Not since 2002 has Joseph Edgar Foreman, better known as Afroman, been in the limelight with his song “Because I Got High.” His signature West Coast hip-hop sound briefly strangled the airwaves during the early 2000s.
Teenagers and adults were singing the anthem of forgetting your daily chores because you indulged in some mind-altering substances on a daily basis. You could not escape someone humming the tune, or likewise knowing every word to the rap. The song still lives on today as a very popular one among old fans and new budding hip-hop aficionados.
Despite having numerous albums, all of them falling flat after his first major label release, Afroman is still kicking out his old tunes to delight crowds across the country.
On The Rocks hosted the pie-eyed rapper on Sept. 26. The popular eatery and purveyor of all drinks alcoholic had a diverse crowd, from 20-something white kids to middle-aged black men, quaffing glasses in the dimly lit, blue-hued bar that night.
Younger patrons, clad in 49ers’ gear from the football game that night, helped subdue anticipations with beverages. The older crowd seemed more at ease within their respective groups; both spectrums were ample in volume the longer Afroman was in the wings.
Although the crowd was not at capacity, they were enthusiastic. After all, Afroman’s close proximity to Bakersfield as a Palmdale native helps his waning hip-hop cred.
While they anxiously awaited “his highness,” a few bands tamed the crowd.
Local band Amity Flow gave the crowd some songs to sing along with.
Part of the younger crowd, the members of Amity Flow were the group donning the San Francisco jerseys, they returned the ambiance from singer-song writer to traditional “green” fair.
Some of the crowd was familiar with the group, giving cheers as they took the stage, and received the cover of a Sublime song quite well. Amity Flow sufficiently regained the crowd’s attention playing famous reggae cover songs as well as their own creations. At one point they even had a local female lyricist, Uno, join them for some freestyle hip-hop to accent the mood of some covers — most notably a Bob Marley song with an impromptu verse about the pleasures of smoking “the ganja.” It was an Afroman concert after all.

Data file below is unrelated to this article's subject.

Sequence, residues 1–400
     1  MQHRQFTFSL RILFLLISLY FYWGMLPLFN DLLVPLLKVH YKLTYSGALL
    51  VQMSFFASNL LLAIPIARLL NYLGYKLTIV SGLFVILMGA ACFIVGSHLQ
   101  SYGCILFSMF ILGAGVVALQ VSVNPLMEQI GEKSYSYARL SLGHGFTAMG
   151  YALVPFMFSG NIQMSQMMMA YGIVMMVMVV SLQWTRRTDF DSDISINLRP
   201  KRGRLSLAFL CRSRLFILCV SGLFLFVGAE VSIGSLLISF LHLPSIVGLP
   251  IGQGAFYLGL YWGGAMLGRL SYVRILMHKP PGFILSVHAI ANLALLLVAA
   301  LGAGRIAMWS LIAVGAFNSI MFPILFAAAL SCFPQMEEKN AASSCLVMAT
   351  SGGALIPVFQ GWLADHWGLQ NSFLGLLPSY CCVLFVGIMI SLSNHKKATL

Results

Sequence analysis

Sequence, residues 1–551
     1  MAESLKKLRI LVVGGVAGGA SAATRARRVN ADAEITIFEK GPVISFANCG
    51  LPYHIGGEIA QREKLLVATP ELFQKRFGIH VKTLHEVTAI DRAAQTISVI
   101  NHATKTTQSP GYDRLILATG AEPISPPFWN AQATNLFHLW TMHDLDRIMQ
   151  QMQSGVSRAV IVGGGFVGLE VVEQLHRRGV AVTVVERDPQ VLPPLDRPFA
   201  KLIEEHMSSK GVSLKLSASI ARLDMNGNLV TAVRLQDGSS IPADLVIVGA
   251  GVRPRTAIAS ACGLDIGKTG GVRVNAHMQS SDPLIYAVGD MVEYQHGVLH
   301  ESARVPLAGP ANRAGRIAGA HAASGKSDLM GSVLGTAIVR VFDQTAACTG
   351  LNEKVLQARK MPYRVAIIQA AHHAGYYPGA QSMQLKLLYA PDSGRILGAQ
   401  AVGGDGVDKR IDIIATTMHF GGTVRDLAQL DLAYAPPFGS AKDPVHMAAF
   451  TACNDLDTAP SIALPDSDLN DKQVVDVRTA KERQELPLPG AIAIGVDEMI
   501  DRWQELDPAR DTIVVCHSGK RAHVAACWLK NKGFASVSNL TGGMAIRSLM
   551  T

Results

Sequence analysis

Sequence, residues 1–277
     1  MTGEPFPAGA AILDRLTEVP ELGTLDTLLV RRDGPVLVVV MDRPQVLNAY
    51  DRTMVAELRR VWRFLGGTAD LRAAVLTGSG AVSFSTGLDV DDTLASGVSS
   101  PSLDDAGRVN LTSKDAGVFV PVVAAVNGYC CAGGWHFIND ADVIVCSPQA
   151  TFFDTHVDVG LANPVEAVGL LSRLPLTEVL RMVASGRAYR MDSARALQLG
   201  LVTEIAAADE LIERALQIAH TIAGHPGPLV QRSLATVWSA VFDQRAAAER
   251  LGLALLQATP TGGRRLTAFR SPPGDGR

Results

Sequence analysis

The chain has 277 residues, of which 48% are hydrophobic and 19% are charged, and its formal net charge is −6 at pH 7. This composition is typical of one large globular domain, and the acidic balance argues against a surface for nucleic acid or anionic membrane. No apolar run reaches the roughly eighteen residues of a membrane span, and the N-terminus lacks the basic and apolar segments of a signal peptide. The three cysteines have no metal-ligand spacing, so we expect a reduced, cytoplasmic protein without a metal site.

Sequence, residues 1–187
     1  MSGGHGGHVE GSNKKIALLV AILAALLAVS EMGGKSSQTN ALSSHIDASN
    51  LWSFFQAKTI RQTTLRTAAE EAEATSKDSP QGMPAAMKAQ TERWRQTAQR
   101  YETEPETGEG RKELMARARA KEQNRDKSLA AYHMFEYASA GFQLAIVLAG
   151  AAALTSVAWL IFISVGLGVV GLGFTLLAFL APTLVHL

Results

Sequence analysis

While not a sell-out crowd, at $15 for the entry fee, Afroman would be hard pressed to sell-out any crowd since early 2002 with ticket prices that high, some loyal fans that did attend and were ready to sing and smoke along.
The iconic afro emerged donning a bright green outfit consisting of an old school Adidas track jacket, Dickies shorts, and high top Chuck Taylor’s, in what can only be construed as his favorite color, and a small cloud of pungent smoke marked his appearance on the small stage.
I was expecting some type of Snoop Dog transformation ( Snoop Dog recently changed his image from gangster rapper to full-fledged dreadlocked rasta) to occur with Afroman, although his music over the last 10 years should have proven me otherwise.
I thought that by now the 39-year-old would have some crazy tricks up his sleeve, but I suppose that would be just as gimmicky as his original persona.
After a rather long set-up time, which should have taken five minutes considering he had one amp, he greeted the small but noisy crowd while producing his Ipod from his green track jacket. That Ipod was connected through an auxillary cable to a single 50-watt amp, and then said amp was mic-ed through the large house PA speakers. This really gave his whole performance a karaoke feel. I have been to house parties that felt more professionally put together. Especially considering 10 feet away was the On The Rocks house DJ, with a more than modest set up, and stacks of pre-amps with blue LED’s blinking away.
This juxtaposed to the local boys, Amity Flow, seemed a little slighted and under production value for a rapper who was once nominated for a Grammy.
What made the show feel even more like a backyard house party in east Bakersfield were the 20-minute medleys of “Drunk Driver” and “Colt .45.” These little ditties came complete with stoned guitar solos that lasted equally as long. While not a terrible guitar player, his double-neck Gibson EDS-1275 should have been in the hands of a true “ax” master.
He did play all the crowd favorites though. In fact, he was encouraging fans to shout out requests (when he wasn’t blazed riffing for 10 minutes), which felt disorganized like he barely knew there was a concert that night at all.
While his style and image haven’t undergone any magical transcendence like I had hoped, there was still something redeeming about Afroman, granted nothing socially redeeming.
Afroman is still the same Afroman. He hasn’t changed much over the years and is still doing all of his biggest hits that are now over 10 years old, but that is what people want. The amount of inebriated patrons singing along and cheering proved he is doing something right, even if it is the equivalent of a ghetto Bakersfield house party.